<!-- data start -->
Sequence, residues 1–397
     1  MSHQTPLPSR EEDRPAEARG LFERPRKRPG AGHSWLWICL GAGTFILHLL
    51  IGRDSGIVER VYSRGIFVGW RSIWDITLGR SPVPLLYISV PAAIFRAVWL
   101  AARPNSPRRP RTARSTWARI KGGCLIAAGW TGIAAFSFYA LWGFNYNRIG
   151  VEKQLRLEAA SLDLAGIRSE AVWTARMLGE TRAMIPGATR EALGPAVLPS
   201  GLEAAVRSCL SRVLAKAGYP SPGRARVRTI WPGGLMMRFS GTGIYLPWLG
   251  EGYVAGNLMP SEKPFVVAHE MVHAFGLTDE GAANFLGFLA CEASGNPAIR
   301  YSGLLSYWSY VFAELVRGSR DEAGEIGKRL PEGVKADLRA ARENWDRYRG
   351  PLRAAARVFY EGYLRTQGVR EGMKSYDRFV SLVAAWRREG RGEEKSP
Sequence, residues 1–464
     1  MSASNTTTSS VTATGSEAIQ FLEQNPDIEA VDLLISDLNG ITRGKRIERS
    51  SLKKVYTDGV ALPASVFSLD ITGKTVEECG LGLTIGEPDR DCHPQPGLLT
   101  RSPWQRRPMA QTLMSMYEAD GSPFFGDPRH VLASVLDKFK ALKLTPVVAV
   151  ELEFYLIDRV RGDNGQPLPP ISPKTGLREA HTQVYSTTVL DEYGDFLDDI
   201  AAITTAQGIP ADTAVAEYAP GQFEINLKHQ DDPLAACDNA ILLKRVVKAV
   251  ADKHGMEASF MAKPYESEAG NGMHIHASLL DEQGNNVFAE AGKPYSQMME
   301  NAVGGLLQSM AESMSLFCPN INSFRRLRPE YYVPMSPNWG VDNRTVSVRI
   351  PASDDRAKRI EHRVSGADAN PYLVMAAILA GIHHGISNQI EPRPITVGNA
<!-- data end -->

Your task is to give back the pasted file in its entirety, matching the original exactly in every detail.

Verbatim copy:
Sequence, residues 1–397
     1  MSHQTPLPSR EEDRPAEARG LFERPRKRPG AGHSWLWICL GAGTFILHLL
    51  IGRDSGIVER VYSRGIFVGW RSIWDITLGR SPVPLLYISV PAAIFRAVWL
   101  AARPNSPRRP RTARSTWARI KGGCLIAAGW TGIAAFSFYA LWGFNYNRIG
   151  VEKQLRLEAA SLDLAGIRSE AVWTARMLGE TRAMIPGATR EALGPAVLPS
   201  GLEAAVRSCL SRVLAKAGYP SPGRARVRTI WPGGLMMRFS GTGIYLPWLG
   251  EGYVAGNLMP SEKPFVVAHE MVHAFGLTDE GAANFLGFLA CEASGNPAIR
   301  YSGLLSYWSY VFAELVRGSR DEAGEIGKRL PEGVKADLRA ARENWDRYRG
   351  PLRAAARVFY EGYLRTQGVR EGMKSYDRFV SLVAAWRREG RGEEKSP
Sequence, residues 1–464
     1  MSASNTTTSS VTATGSEAIQ FLEQNPDIEA VDLLISDLNG ITRGKRIERS
    51  SLKKVYTDGV ALPASVFSLD ITGKTVEECG LGLTIGEPDR DCHPQPGLLT
   101  RSPWQRRPMA QTLMSMYEAD GSPFFGDPRH VLASVLDKFK ALKLTPVVAV
   151  ELEFYLIDRV RGDNGQPLPP ISPKTGLREA HTQVYSTTVL DEYGDFLDDI
   201  AAITTAQGIP ADTAVAEYAP GQFEINLKHQ DDPLAACDNA ILLKRVVKAV
   251  ADKHGMEASF MAKPYESEAG NGMHIHASLL DEQGNNVFAE AGKPYSQMME
   301  NAVGGLLQSM AESMSLFCPN INSFRRLRPE YYVPMSPNWG VDNRTVSVRI
   351  PASDDRAKRI EHRVSGADAN PYLVMAAILA GIHHGISNQI EPRPITVGNA